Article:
Cannabis and Carcinogens - What You Need to Know About Lung Health & Weed

Cannabis and Carcinogens - What You Need to Know About Lung Health & Weed

Published on 1/4/22

Cannabis is becoming an increasingly popular medical treatment for many different conditions and situations, something that we're glad to see happen (especially on a national scale). However, just because there are a lot of medical benefits to cannabis doesn't mean we can ignore the health concerns of smoking. Can weed cause lung cancer? Is smokers cough simply a product of cigarettes? Let's dive into what we know about smoking cannabis and lung health to try to find an answer to a very common question: "Is smoking weed bad for you?"

The Medical Benefits of Cannabis

Because of its long-standing federally illegal status, there are not a lot of studies on the long-term medical benefits of cannabis. However, it is noted by professionals and touted by patients as having a lot of positive medical applications. It is likely most notably used to treat the adverse side effects of cancer treatments like chemotherapy, reduce symptoms of Post-Traumatic Stress Disorder (PTSD), reduce seizures, epileptic episodes, help manage chronic pain and reduce inflammation. In addition to all of these medical applications, cannabis is also known to:

  • Ease the pain of multiple sclerosis and nerve pain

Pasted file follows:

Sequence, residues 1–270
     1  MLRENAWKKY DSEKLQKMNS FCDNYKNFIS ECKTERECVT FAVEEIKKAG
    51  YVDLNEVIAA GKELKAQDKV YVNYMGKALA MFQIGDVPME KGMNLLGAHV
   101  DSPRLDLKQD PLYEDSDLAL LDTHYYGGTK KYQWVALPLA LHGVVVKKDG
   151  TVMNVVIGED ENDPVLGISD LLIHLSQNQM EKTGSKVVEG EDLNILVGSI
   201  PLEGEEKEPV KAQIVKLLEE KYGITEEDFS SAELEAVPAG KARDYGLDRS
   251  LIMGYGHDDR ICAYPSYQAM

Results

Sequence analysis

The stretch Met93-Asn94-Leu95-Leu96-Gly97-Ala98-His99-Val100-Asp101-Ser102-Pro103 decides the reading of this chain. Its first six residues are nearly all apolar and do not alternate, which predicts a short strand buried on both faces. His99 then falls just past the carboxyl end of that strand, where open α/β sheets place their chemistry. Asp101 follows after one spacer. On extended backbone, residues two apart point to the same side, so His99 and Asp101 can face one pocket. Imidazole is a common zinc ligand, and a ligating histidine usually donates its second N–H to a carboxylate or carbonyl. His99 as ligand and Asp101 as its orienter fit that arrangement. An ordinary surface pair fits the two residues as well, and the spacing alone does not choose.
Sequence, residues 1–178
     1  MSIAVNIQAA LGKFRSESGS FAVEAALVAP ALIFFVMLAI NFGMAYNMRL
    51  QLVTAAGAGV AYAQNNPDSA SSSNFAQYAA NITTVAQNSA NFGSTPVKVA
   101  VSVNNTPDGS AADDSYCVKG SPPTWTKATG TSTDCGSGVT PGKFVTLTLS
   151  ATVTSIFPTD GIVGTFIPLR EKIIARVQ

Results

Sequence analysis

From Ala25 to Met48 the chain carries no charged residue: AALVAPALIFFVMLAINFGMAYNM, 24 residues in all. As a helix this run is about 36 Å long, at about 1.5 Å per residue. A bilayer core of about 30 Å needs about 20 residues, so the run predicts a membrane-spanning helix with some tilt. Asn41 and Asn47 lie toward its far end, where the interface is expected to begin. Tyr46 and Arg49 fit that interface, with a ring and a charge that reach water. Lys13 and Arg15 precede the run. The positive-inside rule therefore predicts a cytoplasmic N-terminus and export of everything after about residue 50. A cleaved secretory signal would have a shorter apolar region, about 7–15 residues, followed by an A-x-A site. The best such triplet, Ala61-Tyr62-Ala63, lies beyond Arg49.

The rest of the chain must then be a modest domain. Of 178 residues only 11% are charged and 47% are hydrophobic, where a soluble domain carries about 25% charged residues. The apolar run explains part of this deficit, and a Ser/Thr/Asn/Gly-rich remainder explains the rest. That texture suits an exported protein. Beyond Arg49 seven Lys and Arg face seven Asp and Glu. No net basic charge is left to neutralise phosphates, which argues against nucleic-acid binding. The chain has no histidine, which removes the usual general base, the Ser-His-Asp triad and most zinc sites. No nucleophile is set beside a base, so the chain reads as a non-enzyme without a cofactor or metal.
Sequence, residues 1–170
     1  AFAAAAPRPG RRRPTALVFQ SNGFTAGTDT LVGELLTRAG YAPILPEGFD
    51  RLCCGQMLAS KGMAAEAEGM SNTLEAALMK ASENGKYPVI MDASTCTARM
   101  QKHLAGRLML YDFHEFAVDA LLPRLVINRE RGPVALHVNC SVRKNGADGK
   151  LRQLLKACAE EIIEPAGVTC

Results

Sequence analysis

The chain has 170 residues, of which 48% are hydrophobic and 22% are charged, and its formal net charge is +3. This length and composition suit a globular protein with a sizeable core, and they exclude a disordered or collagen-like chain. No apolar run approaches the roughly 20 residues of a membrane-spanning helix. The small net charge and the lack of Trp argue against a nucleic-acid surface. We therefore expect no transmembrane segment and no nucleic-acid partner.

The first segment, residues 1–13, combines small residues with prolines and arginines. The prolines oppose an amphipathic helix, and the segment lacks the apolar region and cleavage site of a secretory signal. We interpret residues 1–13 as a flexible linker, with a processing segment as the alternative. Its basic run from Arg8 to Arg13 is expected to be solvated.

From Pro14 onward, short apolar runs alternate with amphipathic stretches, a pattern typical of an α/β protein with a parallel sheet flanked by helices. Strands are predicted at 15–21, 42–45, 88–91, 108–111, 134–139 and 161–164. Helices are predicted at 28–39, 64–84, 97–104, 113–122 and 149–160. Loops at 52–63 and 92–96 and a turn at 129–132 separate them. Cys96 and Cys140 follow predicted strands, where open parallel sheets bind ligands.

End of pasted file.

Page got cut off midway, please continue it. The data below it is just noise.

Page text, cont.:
• Lessen tremors in Parkinson's disease
  • Manage nausea and weight loss
  • Treat side effects of glaucoma
  • Reduce side effects of HIV such as wasting syndrome
  • Reduce anxiety and depression
  • Help with insomnia

This list is not entirely inclusive of everything cannabis is capable of (and there are many things cannabis may treat that we're yet unaware of). Still, it is an excellent preview of the promise cannabis has for various medical conditions and situations. This list also shows that cannabis' Schedule I categorization by the federal government that officially states it has no medical properties needs updating. That being said, just because there are many positives doesn't mean we can ignore the potential negative side effects of cannabis.

The Adverse Effects of Smoking Cannabis


Several health concerns arise when we consider the potential side effects of smoking cannabis. Studies show that marijuana contains more carcinogenic compounds than cigarettes. Sounds concerning, right? Well, the verdict is still out. While it's true that cannabis has more carcinogenic compounds, studies show that aspects of cannabis reduce the activation of carcinogens where tobacco increases activation. The same studies have shown that, where nicotine increases tumor growth, cannabis inhibits it. But most of the studies at this time have not allowed for significant long-term observation, and therefore sustained exposure to cannabis smoke cannot yet be compared to cigarette smoke. That being said, early studies claim that the current knowledge surrounding marijuana smoke indicates that the negative effects are not comparable to cigarette smoke. 

Another major concern is an increased risk of chronic bronchitis brought upon by inflammation of the airways and increased airway resistance. This can also cause smokers cough. However, studies only show legitimate concern in high-use patients - low levels of marijuana exposure over time have not resulted in a concerning correlation with bronchitis. Again, more studies are needed.